Only if despair is considered cowardice and treason will we persevere in our efforts to help the needy. Only in a culture of hope and duty to one another can material progress become the norm. Such material progress is a side effect of a change of heart.

To the nihilist, relativist Progressive, technology is a tool of power, and science is a bother when it does anything but serve politics. True science, which is no respecter of men if it is science at all, is a threat to power. It follows where it will – and we can’t have that!

But we can have more and batter gadgets, and live an ephemeral life. Until we don’t.

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Author: Joseph Moore

Enough with the smarty-pants Dante quote. Just some opinionated blogger dude.

10 thoughts on “On Progress and The World as Grass”

  1. On that subject, I’ve often reflected recently that, when all is said and done, the internet is nothing but an extremely efficient post office. Fundamentally, it hasn’t introduced anything new into the human experience: only reduced the cost (in time, money, and effort) of doing it.

    1. Yep. Similarly, when people talk of the boon of having all this learning available on the internet, I wonder why people who didn’t avail themselves of the library would now be expected to become curious just because that information is available on a glowing screen.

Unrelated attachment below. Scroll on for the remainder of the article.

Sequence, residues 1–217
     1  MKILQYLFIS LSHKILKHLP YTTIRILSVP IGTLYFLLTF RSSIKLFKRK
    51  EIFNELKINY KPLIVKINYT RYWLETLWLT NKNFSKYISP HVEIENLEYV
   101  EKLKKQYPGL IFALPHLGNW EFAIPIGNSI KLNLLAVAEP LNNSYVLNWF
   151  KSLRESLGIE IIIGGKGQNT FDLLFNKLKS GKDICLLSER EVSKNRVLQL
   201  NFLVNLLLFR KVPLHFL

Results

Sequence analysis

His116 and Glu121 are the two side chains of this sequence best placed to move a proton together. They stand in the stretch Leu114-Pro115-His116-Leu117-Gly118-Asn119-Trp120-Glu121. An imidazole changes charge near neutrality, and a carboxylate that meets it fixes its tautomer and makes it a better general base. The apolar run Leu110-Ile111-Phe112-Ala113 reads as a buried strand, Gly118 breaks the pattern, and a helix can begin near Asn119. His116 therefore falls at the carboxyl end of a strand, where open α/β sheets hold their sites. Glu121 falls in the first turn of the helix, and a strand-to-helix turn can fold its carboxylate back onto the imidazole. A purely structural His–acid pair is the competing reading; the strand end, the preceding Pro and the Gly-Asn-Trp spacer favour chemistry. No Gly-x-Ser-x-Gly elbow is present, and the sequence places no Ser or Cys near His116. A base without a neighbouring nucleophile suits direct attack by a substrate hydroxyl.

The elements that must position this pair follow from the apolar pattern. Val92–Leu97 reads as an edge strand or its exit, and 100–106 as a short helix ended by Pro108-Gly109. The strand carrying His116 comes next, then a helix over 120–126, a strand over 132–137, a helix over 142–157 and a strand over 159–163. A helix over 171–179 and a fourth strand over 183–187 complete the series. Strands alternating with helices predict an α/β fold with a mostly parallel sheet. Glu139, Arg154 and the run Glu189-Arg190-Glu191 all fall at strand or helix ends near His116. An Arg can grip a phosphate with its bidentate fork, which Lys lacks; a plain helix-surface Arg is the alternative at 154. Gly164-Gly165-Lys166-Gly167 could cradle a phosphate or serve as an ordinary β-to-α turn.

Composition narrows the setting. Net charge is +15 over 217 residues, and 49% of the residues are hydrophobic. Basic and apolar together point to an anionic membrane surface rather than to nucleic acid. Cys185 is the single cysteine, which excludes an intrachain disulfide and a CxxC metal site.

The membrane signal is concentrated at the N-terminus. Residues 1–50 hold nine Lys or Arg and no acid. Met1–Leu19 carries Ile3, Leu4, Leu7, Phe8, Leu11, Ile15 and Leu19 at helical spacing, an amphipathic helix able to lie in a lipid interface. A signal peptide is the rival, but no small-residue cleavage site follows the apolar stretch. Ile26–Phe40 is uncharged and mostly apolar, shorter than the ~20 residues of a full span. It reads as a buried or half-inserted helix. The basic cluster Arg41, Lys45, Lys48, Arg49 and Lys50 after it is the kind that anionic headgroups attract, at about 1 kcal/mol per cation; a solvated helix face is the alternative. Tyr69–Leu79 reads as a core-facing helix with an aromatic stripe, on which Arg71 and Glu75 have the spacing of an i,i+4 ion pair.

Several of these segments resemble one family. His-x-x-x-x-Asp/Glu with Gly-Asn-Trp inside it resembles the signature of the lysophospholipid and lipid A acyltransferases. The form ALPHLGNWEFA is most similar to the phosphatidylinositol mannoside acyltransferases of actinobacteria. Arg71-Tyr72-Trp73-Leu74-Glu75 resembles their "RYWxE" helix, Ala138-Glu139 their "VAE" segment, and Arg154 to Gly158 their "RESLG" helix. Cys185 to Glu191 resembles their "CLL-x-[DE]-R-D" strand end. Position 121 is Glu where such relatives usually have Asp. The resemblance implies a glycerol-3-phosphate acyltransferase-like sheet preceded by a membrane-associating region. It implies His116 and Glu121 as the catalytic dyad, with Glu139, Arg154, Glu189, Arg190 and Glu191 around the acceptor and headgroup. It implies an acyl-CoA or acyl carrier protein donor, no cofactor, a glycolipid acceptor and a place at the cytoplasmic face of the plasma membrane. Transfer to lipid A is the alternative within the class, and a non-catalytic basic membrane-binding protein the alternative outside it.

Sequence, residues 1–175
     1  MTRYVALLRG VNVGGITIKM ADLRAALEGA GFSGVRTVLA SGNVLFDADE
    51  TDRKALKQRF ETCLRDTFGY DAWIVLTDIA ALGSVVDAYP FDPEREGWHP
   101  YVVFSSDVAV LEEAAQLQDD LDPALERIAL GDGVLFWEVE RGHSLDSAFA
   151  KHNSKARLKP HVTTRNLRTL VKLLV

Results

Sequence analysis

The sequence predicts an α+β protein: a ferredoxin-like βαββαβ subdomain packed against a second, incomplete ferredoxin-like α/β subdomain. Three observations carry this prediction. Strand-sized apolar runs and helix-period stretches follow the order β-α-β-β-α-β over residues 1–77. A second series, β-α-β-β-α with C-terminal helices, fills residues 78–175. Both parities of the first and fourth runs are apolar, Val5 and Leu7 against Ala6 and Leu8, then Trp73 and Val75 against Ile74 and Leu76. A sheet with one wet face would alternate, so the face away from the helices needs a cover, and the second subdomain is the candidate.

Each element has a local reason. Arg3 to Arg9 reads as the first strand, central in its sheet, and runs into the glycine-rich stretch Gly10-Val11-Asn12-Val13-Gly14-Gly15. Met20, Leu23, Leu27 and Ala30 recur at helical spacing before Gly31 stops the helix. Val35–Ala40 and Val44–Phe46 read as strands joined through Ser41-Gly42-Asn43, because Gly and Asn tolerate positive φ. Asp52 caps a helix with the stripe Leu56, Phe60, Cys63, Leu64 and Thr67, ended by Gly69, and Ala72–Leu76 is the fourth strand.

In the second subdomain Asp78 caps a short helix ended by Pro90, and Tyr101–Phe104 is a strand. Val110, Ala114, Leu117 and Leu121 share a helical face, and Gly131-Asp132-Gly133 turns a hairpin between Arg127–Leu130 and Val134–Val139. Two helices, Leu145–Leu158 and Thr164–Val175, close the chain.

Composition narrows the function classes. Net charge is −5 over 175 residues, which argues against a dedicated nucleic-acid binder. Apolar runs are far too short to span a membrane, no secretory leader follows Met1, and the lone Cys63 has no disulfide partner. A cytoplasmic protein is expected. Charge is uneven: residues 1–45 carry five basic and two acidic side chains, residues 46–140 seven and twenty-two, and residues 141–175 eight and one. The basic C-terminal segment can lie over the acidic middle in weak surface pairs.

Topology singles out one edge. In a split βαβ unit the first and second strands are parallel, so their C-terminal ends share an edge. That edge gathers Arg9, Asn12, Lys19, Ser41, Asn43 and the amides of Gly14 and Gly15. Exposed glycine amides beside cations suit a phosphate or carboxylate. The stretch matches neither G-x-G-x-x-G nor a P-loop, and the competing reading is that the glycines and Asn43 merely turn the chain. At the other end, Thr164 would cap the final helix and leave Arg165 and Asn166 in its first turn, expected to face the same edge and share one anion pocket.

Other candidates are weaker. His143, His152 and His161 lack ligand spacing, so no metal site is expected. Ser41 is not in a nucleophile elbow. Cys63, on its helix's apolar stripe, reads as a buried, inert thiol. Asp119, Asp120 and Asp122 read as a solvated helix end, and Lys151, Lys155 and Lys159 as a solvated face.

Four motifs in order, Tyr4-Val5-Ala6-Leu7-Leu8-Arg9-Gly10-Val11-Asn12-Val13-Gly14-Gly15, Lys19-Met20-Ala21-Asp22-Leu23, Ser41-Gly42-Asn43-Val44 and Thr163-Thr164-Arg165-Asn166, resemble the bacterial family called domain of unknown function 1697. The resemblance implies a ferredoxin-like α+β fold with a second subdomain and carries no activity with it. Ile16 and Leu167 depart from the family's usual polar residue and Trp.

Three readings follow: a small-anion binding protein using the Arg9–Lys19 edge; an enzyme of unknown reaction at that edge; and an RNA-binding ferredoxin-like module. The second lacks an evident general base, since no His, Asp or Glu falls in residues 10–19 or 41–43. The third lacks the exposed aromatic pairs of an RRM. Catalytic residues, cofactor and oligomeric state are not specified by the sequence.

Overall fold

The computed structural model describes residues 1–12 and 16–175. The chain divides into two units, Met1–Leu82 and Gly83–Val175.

1. Well, partly because me taking my 3 y-o twins (and newborn) to the library to try to look things up would be its own special circle of hell. So if my older ones want to learn things (or I do), we can do it before the twins grow up another few years. Not that we don’t use our books too, but even with thousands (literally) in our collection, there is still plenty we look up online.
        No screen apologist I, but I do waver between detesting the internet and thinking it’s the best ever.

      2. Anna – sure thing – here I am, on the internet, after all, and my google-fu is strong. I totally get it – I love poking around on the internet, and it’s cool as long as you don’t check your skepticism at the door.

        My point would be that you at least considered going to the library, and might have gone had things been easier. Most people demonstrably never think about going to the library , and likewise will never use the web to get educated.

        (3 year old twins and a newborn? I do understand how hard it is – we had 6, 4, 2 & 0 years olds all at once. Hard, but wonderful. There will come a time when you look back upon it all wistfully).